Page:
You don't have to take it anymore. Here's how to fight back and win for good.
As if wrinkles and a slower metabolism aren't enough, millions of middle-aged men and women still do daily battle with acne.
"I'm in my 30s. I shouldn't have to be treating a kid's problem," says Althea, a medical administrator in New York, who asked that we not use her last name. "Who wants to be bothered?"
Unfortunately, 4 million adults in this country are bothered with acne, the most common skin disease in the United States.
Acne happens when follicles get clogged. The sebaceous glands in skin produce an oily substance called sebum that travels through the follicle up to the skin's surface. When skin cells inside the follicle stick to the sebum, things clog up and a blackhead forms. A pimple occurs when the clogged follicle ruptures, causing redness or swelling at the surface.
Follicle fiction. There are enough misconceptions about acne to confuse even the most educated patient. Many of the myths surround food and hygiene, but nothing you eat causes acne.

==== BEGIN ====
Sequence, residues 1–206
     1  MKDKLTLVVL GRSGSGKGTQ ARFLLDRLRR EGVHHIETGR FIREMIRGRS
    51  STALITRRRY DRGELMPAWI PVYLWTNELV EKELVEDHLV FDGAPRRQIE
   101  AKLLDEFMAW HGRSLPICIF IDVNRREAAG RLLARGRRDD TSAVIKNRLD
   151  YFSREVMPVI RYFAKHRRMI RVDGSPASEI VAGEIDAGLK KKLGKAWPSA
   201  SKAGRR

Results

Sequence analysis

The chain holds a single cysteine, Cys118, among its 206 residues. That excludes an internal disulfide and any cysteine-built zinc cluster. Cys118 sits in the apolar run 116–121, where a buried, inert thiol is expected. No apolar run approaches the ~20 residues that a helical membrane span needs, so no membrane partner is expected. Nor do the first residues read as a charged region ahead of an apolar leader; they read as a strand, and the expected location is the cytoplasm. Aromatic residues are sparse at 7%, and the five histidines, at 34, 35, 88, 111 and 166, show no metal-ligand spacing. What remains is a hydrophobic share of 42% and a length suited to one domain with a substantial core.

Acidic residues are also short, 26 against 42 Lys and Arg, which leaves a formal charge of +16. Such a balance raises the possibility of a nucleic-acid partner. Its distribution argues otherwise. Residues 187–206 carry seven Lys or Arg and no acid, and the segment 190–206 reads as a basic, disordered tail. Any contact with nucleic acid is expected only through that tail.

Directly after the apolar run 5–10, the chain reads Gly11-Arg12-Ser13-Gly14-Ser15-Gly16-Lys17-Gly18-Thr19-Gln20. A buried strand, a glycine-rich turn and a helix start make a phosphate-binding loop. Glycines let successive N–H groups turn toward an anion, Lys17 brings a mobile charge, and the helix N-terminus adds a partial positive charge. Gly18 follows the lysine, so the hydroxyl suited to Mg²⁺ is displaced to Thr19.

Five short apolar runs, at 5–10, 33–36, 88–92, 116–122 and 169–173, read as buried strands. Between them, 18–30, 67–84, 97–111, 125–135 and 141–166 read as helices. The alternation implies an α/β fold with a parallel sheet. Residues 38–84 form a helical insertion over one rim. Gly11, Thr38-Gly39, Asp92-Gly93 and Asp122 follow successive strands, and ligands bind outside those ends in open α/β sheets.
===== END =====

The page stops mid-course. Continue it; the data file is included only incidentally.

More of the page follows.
"There is no dietary factor related to acne that we know about," says Dr. James Leyden, dermatology professor at the University of Pennsylvania. Some people, however, believe certain foods seem to worsen their acne. If you feel this way, avoid the foods that you think irritate your skin.
Another common mistake is trying to overclean your skin. Acne isn't caused by dirt. In fact, if you scrub your skin too hard or too frequently, Dr. Leyden says you can make the inflammation worse. "Cleanse gently and superficially, not roughly and excessively," he says.
People who exercise vigorously, perspire, and don't clean their faces sufficiently are at higher risk for acne. Sweat acts as a film that combines with surface oils to trap substances in the pores. It's important to shower soon after an intense workout to remove this greasy film.
Makeup is no longer much of a concern, says Dr. Leyden. Most cosmetic companies have identified the substances that aggravate acne and offer products that don't contain them. These products are usually labeled "noncomedogenic" or "nonacnegenic," and mean the product is not likely to cause whiteheads or blackheads.